Paul Waldman

Paul Waldman is the Prospect's daily blogger and senior writer. He also blogs for the Plum Line at the Washington Post, and is the author of Being Right is Not Enough: What Progressives Must Learn From Conservative Success.

Recent Articles

The Fruitless Search for the Supreme Court's Rationale

Flickr/OZinOH
Yesterday, Ben Smith quoted a conservative lawyer offering a way the Supreme Court's conservative majority may think about striking down the Affordable Care Act. Essentially, this lawyer said, they think that the last 70 years of the Court's interpretation of the Constitution's commerce clause, which underlies much of what the modern American government does, is a giant fraud perpetrated by liberals. Even though they know they can't toss out that last 70 years all at once, they have no problem finding some ridiculous justification for striking down the ACA, no matter whether they really believe it or not. "You have built a fantasy mansion on the Commerce Clause," the lawyer tells Smith. "You can hardly blame us if, in one wing of this mansion, down a dusty corridor, we build a fantasy room called 'inactivity,' lock the door, and don't let you in." None of us have any way of knowing if this is what the justices are actually thinking, persuasive as it sounds. But there's something going...

Today's Unnecessarily Violent Metaphor

Be veeewy quiet - Mitt Womney is about. (Flickr/theseanster93)
For a long time, the National Journal was known as the most staid and serious of Washington publications, chronicling the legislative and regulatory processes with reliable sobriety. Of late, however, they've been trying to liven things up. Which is all well and good, but really, is this kind of thing really necessary? I'm not squeamish or anything, and I know that political coverage is already full of martial metaphors (from "campaign" on down), but come on. "Kill shot"? What is Santorum, some kind of varmint whose brains will be spread across the Pennsylvania landscape?

Purpose-Driven Partisanship

Flickr/Steve Jurvetson
Remember just a few years ago, when "Purpose-Driven Life" author Rick Warren was considered such a bipartisan figure that candidate Obama visited his Saddleback Church, and then invited him to deliver an invocation at the inauguration? Even at the time, a lot of knowledgeable people on the left protested that Warren was actually a deeply conservative person, even if he wore Hawaiian shirts and led the hip and casual megachurch movement that presented itself as inclusive. Well listen to Warren now. In an appearance on ABC's This Week yesterday, he was asked to respond to President Obama saying "I believe in God's command to love thy neighbor as thyself": Well certainly the Bible says we are to care about the poor. There's over 2,000 versus in the Bible about the poor. And God says that those who care about the poor, God will care about them and God will bless them. But there's a fundamental question on the meaning of "fairness." Does fairness mean everybody makes the same amount of...

The Struggles of the War Correspondent

NPR's Kelly McEvers in 2005. (Flickr/uniondocs)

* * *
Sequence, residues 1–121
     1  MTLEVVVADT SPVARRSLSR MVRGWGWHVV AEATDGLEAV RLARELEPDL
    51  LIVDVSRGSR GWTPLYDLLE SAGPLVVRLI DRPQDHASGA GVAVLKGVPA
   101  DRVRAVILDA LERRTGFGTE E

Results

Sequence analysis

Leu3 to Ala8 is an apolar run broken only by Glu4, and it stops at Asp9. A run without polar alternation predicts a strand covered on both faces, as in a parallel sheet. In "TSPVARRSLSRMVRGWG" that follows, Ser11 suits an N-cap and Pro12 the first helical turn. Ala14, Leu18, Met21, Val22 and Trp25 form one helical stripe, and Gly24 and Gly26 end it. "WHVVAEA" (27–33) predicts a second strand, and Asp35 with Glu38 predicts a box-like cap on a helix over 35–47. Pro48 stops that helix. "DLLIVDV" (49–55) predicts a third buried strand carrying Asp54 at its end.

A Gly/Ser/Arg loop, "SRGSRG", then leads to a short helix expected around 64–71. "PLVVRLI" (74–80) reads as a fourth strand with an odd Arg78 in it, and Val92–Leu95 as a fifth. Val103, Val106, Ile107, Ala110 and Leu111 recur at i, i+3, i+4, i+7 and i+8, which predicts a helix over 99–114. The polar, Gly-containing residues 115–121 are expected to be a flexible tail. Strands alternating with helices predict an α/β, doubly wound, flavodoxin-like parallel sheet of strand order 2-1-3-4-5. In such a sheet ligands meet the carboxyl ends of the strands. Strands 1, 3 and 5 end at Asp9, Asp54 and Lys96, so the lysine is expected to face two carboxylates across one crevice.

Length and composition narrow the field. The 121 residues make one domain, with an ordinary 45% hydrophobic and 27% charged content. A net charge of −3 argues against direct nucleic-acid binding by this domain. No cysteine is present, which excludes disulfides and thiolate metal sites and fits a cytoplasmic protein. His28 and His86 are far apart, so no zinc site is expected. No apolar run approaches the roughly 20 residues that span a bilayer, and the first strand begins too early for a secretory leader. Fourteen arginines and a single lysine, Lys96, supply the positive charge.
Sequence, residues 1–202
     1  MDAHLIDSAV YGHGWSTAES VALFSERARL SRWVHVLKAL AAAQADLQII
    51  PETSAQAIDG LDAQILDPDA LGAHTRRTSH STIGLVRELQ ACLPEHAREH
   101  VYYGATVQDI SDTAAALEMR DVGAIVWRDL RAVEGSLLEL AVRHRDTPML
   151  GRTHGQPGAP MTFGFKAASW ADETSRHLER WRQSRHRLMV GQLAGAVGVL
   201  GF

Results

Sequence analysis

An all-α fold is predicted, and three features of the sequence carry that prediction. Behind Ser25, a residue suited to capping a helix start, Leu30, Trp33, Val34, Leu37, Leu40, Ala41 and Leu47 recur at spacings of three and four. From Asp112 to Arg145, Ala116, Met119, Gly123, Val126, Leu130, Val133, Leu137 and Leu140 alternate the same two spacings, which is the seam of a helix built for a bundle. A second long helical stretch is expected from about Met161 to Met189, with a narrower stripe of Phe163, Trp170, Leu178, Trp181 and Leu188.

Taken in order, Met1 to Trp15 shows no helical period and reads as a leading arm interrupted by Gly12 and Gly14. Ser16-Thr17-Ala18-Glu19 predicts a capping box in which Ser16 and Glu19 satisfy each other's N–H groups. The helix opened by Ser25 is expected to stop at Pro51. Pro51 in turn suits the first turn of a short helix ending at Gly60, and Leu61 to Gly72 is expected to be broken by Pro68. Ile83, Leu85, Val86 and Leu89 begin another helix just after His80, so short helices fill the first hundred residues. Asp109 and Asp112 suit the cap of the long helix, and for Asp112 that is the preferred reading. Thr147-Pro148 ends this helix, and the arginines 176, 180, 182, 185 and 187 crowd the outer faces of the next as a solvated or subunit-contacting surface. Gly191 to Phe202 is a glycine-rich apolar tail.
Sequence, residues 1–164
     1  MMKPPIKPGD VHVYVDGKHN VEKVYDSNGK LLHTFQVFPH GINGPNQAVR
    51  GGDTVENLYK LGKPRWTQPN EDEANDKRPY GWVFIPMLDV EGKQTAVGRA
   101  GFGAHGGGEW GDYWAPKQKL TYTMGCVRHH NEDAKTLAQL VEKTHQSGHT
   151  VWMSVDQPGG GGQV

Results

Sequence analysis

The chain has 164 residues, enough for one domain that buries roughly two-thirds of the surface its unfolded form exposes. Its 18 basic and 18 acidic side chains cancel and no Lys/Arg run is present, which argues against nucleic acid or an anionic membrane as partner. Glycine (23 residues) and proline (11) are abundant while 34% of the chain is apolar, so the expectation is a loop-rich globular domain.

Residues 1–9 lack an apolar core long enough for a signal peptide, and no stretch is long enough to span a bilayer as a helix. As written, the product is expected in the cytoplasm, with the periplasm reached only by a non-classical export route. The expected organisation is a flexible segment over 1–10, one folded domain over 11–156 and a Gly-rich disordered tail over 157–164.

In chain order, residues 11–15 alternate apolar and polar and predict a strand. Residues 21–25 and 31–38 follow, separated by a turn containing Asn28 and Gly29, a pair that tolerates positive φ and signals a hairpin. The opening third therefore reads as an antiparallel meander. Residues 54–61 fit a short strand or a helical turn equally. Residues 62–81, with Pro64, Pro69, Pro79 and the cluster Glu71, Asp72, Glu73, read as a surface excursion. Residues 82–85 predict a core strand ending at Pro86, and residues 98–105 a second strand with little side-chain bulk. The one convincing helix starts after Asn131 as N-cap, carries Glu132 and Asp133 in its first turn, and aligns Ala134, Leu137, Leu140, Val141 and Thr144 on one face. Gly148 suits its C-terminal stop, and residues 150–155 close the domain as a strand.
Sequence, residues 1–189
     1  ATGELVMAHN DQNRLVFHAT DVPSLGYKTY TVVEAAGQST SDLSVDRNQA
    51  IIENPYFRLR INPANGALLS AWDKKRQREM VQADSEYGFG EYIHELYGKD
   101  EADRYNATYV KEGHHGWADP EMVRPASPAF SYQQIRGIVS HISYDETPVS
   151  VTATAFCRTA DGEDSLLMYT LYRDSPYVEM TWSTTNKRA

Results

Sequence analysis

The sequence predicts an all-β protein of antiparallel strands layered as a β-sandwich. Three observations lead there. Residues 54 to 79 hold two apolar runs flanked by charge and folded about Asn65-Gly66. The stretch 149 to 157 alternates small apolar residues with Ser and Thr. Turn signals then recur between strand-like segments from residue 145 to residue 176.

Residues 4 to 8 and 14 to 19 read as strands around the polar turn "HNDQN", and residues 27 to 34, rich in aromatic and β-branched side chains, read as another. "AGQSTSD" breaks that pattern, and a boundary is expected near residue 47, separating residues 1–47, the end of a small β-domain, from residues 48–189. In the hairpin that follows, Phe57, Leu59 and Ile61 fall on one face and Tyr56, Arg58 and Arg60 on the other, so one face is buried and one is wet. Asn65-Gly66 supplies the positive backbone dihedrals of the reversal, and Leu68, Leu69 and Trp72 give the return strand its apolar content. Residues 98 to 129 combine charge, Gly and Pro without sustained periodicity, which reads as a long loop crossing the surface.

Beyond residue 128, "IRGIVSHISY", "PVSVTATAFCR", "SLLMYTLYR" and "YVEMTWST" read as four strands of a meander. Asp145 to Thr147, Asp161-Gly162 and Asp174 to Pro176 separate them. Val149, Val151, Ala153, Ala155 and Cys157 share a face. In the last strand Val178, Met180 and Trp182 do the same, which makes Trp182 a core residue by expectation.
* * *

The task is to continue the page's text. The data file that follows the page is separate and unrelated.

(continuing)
You may have heard that there is a certain kind of breed of journalist who becomes a war correspondent. Maybe they're thrill-seekers to begin with, or maybe the rush of reporting from war zones changes them, but many of them keep returning over and over again to one hotspot after another, putting their lives at risk for the sake of their job. Some of them are wounded, some are even killed. Some, I'm sure, suffer from the same kind of post-traumatic stress disorder that soldiers endure. What we don't often hear, though, is those reporters talking candidly about it as something that is perhaps not too healthy. That's why this segment on the Public Radio Exchange program Howsound is so striking. Kelly McEvers, a terrific NPR reporter based in Baghdad, opened up in a surprising way about her feelings about what she does and the effect it has on those around her: "I have a problem. I mean that's, you know…Yeah. I like that stuff [war reporting]. It's a problem. I mean, I wouldn't do this...

Bait and Convert

(AP Photo/Nam Y. Huh, File)
The 2012 Republican primaries were without question the most religious party contest in memory. Nearly all the major candidates put their religious beliefs at or near the center of their public personas, from the puritanical scold Rick Santorum, to the prayer warrior Rick Perry, to Newt Gingrich, producer of books and movies on the importance of God in American politics. As for the Almighty himself, He apparently told no fewer than three separate candidates (Michele Bachmann, Herman Cain, and Santorum) that they should run. Awfully sneaky of Him not to tell them they were going to lose, but who has time to consult the fine print when you're hearing messages from above? Yet in the end, the candidate who prevailed was the one least interested in talking about his religion. That's not because Mitt Romney isn't devout, but because he's all too aware that his Mormonism presents some political complications. Many evangelicals consider the Church of Jesus Christ of Latter-Day Saints (LDS) a...

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